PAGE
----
Type 2 diabetes is becoming increasingly common in the Western world, brought about in large part by an increasing obesity epidemic. But while much of the focus has been on factors such as diet and exercise, relatively little has been done to study other factors within an individual’s control, such as sleep.
Researchers in the UK decided to study the effect that sleep, or lack thereof, might have on the risk of children developing type 2 diabetes. More than 4,000 children were studied, and measurements taken included height, weight, blood pressure, and blood levels of insulin, lipids, and various other compounds.
Sleep durations were self-reported by the children and confirmed by researchers by following one subgroup. On average, the children slept for about 10.5 hours per night. What researchers found was that the fewer sleep children received, the higher their level of body fat was. They also found that less sleep was correlated with diabetes risk factors such as increased insulin resistance.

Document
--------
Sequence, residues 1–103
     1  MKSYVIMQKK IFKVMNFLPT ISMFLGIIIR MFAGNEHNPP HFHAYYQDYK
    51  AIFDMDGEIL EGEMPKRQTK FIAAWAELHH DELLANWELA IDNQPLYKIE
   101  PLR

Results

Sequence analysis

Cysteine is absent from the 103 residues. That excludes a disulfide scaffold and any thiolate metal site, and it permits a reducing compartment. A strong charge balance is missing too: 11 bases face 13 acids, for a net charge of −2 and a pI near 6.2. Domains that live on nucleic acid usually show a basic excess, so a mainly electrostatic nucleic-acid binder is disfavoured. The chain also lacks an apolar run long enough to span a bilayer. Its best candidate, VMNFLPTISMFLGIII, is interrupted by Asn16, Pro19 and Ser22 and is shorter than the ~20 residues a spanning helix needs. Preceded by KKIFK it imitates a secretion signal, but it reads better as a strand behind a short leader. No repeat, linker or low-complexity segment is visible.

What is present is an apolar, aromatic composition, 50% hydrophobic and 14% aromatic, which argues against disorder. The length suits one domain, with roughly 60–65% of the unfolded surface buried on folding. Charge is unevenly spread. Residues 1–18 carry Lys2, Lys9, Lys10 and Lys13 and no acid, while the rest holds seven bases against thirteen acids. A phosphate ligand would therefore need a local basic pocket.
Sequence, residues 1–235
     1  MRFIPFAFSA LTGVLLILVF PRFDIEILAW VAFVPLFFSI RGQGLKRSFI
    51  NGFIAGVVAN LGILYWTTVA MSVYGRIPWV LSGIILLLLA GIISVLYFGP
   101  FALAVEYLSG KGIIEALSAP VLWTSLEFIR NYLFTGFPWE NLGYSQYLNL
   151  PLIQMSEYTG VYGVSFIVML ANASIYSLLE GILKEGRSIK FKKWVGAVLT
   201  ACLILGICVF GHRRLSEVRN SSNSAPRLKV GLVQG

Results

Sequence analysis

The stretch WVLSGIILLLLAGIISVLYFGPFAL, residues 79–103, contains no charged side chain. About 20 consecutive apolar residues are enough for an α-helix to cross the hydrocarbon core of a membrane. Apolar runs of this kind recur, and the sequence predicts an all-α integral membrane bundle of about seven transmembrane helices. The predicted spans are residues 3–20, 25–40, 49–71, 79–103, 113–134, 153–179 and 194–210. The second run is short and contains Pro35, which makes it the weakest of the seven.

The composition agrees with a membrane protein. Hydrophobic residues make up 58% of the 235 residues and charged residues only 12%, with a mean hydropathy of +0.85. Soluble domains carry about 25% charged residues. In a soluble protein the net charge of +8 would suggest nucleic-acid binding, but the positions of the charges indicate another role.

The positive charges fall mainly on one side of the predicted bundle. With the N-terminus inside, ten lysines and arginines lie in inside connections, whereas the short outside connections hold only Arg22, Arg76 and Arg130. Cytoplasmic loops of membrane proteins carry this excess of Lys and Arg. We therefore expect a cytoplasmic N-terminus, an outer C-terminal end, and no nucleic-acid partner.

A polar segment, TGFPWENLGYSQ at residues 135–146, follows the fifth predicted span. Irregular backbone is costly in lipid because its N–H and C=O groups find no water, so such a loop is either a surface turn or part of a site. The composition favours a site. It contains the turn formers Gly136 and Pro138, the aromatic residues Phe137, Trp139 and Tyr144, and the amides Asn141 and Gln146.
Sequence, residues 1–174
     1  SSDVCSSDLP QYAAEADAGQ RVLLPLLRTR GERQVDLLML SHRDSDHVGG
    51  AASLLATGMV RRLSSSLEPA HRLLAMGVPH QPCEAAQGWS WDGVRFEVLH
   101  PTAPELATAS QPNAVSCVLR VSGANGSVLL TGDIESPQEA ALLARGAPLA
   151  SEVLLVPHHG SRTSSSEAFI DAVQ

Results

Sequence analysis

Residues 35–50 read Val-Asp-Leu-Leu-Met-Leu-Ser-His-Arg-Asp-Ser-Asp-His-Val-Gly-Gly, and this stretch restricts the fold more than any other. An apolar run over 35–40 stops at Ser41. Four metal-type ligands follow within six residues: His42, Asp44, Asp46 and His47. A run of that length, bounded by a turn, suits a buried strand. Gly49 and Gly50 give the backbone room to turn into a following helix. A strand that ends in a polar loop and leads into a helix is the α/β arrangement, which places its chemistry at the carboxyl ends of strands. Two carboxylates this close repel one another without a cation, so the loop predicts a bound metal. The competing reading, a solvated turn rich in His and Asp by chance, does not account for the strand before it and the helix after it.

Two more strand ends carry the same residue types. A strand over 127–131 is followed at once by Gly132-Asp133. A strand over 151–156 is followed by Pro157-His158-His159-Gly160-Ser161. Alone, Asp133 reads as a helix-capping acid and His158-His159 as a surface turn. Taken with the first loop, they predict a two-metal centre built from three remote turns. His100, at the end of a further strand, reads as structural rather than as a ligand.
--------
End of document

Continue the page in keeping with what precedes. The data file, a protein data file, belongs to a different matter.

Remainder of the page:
Overall, less sleep was positively correlated with an increase in risk factors for developing type 2 diabetes. Adding as little as 30 minutes of sleep per day was associated with decreases in body mass index and a decrease in insulin resistance.
While this study focused on children, it brings up important questions surrounding the development of type 2 diabetes in adults. We live in a society that is increasingly sleep-deprived, in which working on little sleep is seen as a badge of accomplishment, and employers turn a blind eye to the negative effects of sleep deprivation among their workforces. Might an increased focus on getting enough sleep start rolling back the obesity epidemic and reduce the number of adults who develop diabetes?